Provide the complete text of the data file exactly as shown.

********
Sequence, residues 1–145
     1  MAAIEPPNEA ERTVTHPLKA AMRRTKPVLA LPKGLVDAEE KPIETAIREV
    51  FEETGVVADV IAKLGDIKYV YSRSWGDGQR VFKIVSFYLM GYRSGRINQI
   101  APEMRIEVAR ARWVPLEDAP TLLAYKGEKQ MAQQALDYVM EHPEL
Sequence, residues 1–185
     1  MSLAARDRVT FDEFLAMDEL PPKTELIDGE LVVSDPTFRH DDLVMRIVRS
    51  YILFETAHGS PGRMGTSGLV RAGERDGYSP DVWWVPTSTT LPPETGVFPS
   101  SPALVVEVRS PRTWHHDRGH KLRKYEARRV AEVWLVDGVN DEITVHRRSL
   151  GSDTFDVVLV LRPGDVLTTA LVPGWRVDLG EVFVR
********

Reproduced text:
Sequence, residues 1–145
     1  MAAIEPPNEA ERTVTHPLKA AMRRTKPVLA LPKGLVDAEE KPIETAIREV
    51  FEETGVVADV IAKLGDIKYV YSRSWGDGQR VFKIVSFYLM GYRSGRINQI
   101  APEMRIEVAR ARWVPLEDAP TLLAYKGEKQ MAQQALDYVM EHPEL
Sequence, residues 1–185
     1  MSLAARDRVT FDEFLAMDEL PPKTELIDGE LVVSDPTFRH DDLVMRIVRS
    51  YILFETAHGS PGRMGTSGLV RAGERDGYSP DVWWVPTSTT LPPETGVFPS
   101  SPALVVEVRS PRTWHHDRGH KLRKYEARRV AEVWLVDGVN DEITVHRRSL
   151  GSDTFDVVLV LRPGDVLTTA LVPGWRVDLG EVFVR